So the abstract for my IMC Leeds plenary is due, an obligation complicated by the fact that grading and end of the semester student meltdowns have conspired to reduce my number of functional neurons to three (half the number I am used to working with).
Please let me know what you think of this first stab. As you will see, I am interested in an interrelated series of questions: how did medieval and how do contemporary interpreters use Jews to tell stories of Christian-Jewish separation? What spaces in between such narratives of segregation can be discerned in which keen division yields to messier interpenetrations? (Daniel Boyarin calls them "lines of influence and dialogue [that] go in both directions").
I don't want to assume in advance that we know what Christian or Jewish orthodoxy consists of: that is, orthodoxy tends to be a retroactive positing of some undifferentiated and homogenous identity that belies the mixed, impure realm of lived belief. Scholars have done quite a good job of emphasizing the diversity of Christian practice in medieval England, arguing against a monolithic orthodoxy ... but Judaism still tends to be defined as if it enters Europe unchanged by its surroundings, that lived Ashkenazic Jewishness in, say, thirteenth century Lincoln is rather similar to fourth century rabbinic Judaism, that medieval Jews don't acculturate. I'm following the line of thought established by Boyarin, Yuval, Ivan Marcus and others to postulate a more adaptive mode of Jewishness, a hybridity with counterparts in many contemporary formulations of Jewish identity. I'm attempting to do this by looking at Christian-Jewish interaction as glimpsed within texts that typically are analyzed for their strong separations: the Book of John Mandeville, Matthew Paris on the Hugh of Lincoln. Are there any texts (especially British ones) where glimpses of a Christian-Jewish middle space exist that I might not have thought of?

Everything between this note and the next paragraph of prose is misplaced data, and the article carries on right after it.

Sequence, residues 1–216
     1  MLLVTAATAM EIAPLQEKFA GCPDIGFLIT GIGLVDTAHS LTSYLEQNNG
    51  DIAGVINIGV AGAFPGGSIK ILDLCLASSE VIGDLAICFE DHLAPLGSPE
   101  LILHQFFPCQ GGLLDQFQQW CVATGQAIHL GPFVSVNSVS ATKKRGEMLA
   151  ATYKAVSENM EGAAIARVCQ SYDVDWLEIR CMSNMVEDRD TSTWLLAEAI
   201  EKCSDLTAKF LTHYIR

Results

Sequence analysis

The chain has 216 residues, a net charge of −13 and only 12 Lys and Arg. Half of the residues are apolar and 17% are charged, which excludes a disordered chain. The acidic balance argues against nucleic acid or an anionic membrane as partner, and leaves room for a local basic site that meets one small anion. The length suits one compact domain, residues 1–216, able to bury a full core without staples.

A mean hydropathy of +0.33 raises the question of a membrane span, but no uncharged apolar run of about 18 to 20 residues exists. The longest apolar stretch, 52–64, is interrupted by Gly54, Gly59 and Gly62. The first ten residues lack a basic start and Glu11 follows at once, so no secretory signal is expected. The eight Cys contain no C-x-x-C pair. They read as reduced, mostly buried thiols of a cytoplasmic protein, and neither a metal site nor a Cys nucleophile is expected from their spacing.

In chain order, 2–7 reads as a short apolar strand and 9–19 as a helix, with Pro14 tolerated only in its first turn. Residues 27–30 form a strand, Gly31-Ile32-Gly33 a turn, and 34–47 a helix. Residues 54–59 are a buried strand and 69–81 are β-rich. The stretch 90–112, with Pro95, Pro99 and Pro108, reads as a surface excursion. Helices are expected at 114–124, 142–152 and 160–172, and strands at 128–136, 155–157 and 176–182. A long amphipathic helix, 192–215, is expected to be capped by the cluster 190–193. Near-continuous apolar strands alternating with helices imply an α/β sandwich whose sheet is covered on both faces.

Between Christian and Jew:
Orthodoxy, Violence and Living Together in Medieval England
Orthodoxy, Violence and Living Together in Medieval England
For medieval thinkers, Islam might constitute a heresy rather than a separate religion: Muhammad had deviated from a Christian path. Judaism, on the other hand, was the source from which Christianity traced its origin, and yet it was unthinkable that Christianity should be a Jewish heresy. Though possible for “Jew” to function as a synonym for “heretic” (as Margery Kempe learned during interrogation over her own orthodoxy), Jews were usually seen as temporally other to Christians: locked ever into an anterior time, long ago superceded by Latin Europe. Yet Ashkenazic Jewish communities came to cohabitate with Christians in cities across France, Germany, and England. Extant literary and historical texts suggest that these Jews offered through their rituals and their words a sharp challenge to Christian self-assurance. From the time they first begin to live among the English, they become a community intimately involved in deliberation over proof and religious belief.